The three men journeyed without incident for the next fortnight.

Adrian’s new companions proved to be quite the adept travelers, Eldred especially. The man seemed to recognize every rustle and peep from every creature, and could identify the inherent properties of every tree and shrub and creeper they came across. But he moved swiftly and spoke only when speaking was necessary, so that meant silence ruled for most of the day. Adrian tried to engage the brothers in conversation, but his efforts were squashed like a beetle under a boot. The outlaws were entirely devoid of cordiality. Adrian wasn’t like them. He would never be like them.

The roads they traveled were narrow and difficult. Most twisted and snaked along the outskirts of the various mountain hamlets. Foot travelers were rare, and the lack of wagon ruts in the road meant porters were even rarer. They did spot the occasional grog shop or roadside inn, but these places were wisely avoided. Olan huffed and grumbled when his gourd-bottle ran empty of wine, but Eldred ignored the complaints.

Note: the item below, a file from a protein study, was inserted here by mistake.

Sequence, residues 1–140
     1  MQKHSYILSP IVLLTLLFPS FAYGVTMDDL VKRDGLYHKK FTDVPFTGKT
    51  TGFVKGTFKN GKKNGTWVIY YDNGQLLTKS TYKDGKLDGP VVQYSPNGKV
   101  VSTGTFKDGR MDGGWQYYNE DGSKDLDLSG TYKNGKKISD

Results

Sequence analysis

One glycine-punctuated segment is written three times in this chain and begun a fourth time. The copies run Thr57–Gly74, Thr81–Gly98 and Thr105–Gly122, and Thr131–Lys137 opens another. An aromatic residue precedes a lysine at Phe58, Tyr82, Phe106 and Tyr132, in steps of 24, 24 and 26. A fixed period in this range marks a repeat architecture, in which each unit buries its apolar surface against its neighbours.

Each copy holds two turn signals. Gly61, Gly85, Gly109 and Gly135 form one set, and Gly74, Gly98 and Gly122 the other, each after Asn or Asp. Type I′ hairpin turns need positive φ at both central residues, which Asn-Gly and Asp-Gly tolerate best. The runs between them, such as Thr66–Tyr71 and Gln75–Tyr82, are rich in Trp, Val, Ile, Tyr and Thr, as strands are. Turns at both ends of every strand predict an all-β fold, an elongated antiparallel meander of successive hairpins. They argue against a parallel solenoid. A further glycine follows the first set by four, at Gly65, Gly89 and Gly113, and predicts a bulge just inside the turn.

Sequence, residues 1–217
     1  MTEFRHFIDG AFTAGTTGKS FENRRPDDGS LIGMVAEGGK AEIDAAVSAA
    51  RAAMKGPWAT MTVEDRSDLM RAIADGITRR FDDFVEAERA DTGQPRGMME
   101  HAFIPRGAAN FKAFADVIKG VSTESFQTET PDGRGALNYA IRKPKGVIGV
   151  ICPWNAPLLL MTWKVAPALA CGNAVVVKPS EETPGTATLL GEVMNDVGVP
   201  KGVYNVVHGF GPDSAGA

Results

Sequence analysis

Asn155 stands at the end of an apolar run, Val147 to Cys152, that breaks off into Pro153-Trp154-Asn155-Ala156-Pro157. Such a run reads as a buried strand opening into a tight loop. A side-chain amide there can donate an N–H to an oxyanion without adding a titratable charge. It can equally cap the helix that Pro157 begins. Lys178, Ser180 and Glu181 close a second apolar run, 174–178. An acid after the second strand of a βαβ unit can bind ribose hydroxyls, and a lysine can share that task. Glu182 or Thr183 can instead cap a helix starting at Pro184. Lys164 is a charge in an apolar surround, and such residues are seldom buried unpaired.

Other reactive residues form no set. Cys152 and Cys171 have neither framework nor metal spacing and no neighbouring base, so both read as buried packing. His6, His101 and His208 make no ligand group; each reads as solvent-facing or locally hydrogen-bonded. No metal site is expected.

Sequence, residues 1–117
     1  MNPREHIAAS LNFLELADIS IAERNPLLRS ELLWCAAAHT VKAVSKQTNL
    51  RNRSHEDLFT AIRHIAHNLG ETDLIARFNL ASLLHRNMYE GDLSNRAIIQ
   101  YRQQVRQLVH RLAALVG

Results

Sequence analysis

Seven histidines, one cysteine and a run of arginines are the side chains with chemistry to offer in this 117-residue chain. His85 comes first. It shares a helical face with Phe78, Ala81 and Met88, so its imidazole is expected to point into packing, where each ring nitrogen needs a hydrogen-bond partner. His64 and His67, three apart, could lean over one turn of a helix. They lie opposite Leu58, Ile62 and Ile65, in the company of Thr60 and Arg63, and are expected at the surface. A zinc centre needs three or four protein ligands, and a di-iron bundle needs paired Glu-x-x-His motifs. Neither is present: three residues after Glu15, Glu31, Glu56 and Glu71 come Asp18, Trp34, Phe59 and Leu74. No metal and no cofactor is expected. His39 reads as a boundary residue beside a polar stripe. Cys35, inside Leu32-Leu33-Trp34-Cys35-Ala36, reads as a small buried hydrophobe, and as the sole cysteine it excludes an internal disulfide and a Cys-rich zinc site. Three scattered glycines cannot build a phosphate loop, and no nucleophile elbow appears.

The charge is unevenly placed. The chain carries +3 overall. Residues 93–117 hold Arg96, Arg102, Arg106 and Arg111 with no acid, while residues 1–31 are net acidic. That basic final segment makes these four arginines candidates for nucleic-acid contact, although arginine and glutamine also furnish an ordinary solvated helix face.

The brothers seemed to examine every passerby they saw. Adrian knew what they were thinking—he was no fool. For the life of an outlaw, survival meant always looking for the next victim, always looking at the next possible advantage. Robbing travelers and ransacking merchant wagons was a basic necessity, so naturally the brothers spent time gauging and analyzing their possible targets. They did this with a frightening degree of professionalism, one that was surely honed by years of experience. Adrian sorely lacked such experience. He felt like a child tagging along with a pair of elder siblings, and the more the two brothers began to murmur and whisper secretly to each other, the more Adrian grew irritated and resentful. He couldn’t let this happen. He wouldn’t.

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